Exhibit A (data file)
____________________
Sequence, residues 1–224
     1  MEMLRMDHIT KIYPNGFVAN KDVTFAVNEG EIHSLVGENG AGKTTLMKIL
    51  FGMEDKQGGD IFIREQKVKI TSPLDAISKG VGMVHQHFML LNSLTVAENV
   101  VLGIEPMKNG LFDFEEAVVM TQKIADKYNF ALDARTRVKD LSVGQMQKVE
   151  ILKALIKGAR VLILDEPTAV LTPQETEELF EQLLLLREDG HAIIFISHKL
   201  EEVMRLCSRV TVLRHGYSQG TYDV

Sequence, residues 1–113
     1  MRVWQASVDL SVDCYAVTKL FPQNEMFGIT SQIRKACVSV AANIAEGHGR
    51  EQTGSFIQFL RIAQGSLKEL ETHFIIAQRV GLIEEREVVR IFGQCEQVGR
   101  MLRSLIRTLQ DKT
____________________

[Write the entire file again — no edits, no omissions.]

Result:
Sequence, residues 1–224
     1  MEMLRMDHIT KIYPNGFVAN KDVTFAVNEG EIHSLVGENG AGKTTLMKIL
    51  FGMEDKQGGD IFIREQKVKI TSPLDAISKG VGMVHQHFML LNSLTVAENV
   101  VLGIEPMKNG LFDFEEAVVM TQKIADKYNF ALDARTRVKD LSVGQMQKVE
   151  ILKALIKGAR VLILDEPTAV LTPQETEELF EQLLLLREDG HAIIFISHKL
   201  EEVMRLCSRV TVLRHGYSQG TYDV

Sequence, residues 1–113
     1  MRVWQASVDL SVDCYAVTKL FPQNEMFGIT SQIRKACVSV AANIAEGHGR
    51  EQTGSFIQFL RIAQGSLKEL ETHFIIAQRV GLIEEREVVR IFGQCEQVGR
   101  MLRSLIRTLQ DKT